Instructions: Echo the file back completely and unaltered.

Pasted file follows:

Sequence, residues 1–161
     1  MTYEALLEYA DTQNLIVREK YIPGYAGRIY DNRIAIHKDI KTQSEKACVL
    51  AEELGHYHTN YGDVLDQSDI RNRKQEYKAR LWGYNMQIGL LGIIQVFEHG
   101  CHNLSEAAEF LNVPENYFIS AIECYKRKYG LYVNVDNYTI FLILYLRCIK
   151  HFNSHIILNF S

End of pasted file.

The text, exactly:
Sequence, residues 1–161
     1  MTYEALLEYA DTQNLIVREK YIPGYAGRIY DNRIAIHKDI KTQSEKACVL
    51  AEELGHYHTN YGDVLDQSDI RNRKQEYKAR LWGYNMQIGL LGIIQVFEHG
   101  CHNLSEAAEF LNVPENYFIS AIECYKRKYG LYVNVDNYTI FLILYLRCIK
   151  HFNSHIILNF S